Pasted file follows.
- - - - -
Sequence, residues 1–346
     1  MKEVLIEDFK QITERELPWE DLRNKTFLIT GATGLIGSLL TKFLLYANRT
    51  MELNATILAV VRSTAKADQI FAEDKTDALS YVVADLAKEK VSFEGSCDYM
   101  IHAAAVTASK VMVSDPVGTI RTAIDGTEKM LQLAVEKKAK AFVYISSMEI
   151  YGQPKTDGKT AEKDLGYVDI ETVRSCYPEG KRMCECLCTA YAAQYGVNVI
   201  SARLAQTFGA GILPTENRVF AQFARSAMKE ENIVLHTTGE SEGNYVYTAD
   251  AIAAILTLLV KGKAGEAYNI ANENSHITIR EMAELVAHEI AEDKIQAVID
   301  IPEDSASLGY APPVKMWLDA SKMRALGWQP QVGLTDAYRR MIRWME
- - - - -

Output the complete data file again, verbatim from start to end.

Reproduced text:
Sequence, residues 1–346
     1  MKEVLIEDFK QITERELPWE DLRNKTFLIT GATGLIGSLL TKFLLYANRT
    51  MELNATILAV VRSTAKADQI FAEDKTDALS YVVADLAKEK VSFEGSCDYM
   101  IHAAAVTASK VMVSDPVGTI RTAIDGTEKM LQLAVEKKAK AFVYISSMEI
   151  YGQPKTDGKT AEKDLGYVDI ETVRSCYPEG KRMCECLCTA YAAQYGVNVI
   201  SARLAQTFGA GILPTENRVF AQFARSAMKE ENIVLHTTGE SEGNYVYTAD
   251  AIAAILTLLV KGKAGEAYNI ANENSHITIR EMAELVAHEI AEDKIQAVID
   301  IPEDSASLGY APPVKMWLDA SKMRALGWQP QVGLTDAYRR MIRWME